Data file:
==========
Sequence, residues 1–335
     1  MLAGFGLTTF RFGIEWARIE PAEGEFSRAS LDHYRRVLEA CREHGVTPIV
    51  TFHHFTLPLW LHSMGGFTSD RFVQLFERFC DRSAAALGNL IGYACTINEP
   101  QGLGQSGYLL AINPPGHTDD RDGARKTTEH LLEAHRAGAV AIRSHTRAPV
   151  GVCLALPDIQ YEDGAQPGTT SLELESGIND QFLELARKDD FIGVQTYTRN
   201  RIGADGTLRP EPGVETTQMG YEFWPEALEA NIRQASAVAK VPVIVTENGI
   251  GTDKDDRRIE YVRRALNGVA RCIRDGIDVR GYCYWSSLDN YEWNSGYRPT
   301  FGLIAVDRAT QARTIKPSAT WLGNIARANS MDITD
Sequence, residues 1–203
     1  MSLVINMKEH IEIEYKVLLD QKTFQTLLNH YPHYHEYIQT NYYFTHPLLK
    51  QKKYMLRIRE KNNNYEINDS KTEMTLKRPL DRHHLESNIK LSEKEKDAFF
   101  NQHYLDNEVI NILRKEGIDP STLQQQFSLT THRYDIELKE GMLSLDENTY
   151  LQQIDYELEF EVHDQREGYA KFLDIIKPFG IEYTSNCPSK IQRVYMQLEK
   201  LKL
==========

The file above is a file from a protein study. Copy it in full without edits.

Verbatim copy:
Sequence, residues 1–335
     1  MLAGFGLTTF RFGIEWARIE PAEGEFSRAS LDHYRRVLEA CREHGVTPIV
    51  TFHHFTLPLW LHSMGGFTSD RFVQLFERFC DRSAAALGNL IGYACTINEP
   101  QGLGQSGYLL AINPPGHTDD RDGARKTTEH LLEAHRAGAV AIRSHTRAPV
   151  GVCLALPDIQ YEDGAQPGTT SLELESGIND QFLELARKDD FIGVQTYTRN
   201  RIGADGTLRP EPGVETTQMG YEFWPEALEA NIRQASAVAK VPVIVTENGI
   251  GTDKDDRRIE YVRRALNGVA RCIRDGIDVR GYCYWSSLDN YEWNSGYRPT
   301  FGLIAVDRAT QARTIKPSAT WLGNIARANS MDITD
Sequence, residues 1–203
     1  MSLVINMKEH IEIEYKVLLD QKTFQTLLNH YPHYHEYIQT NYYFTHPLLK
    51  QKKYMLRIRE KNNNYEINDS KTEMTLKRPL DRHHLESNIK LSEKEKDAFF
   101  NQHYLDNEVI NILRKEGIDP STLQQQFSLT THRYDIELKE GMLSLDENTY
   151  LQQIDYELEF EVHDQREGYA KFLDIIKPFG IEYTSNCPSK IQRVYMQLEK
   201  LKL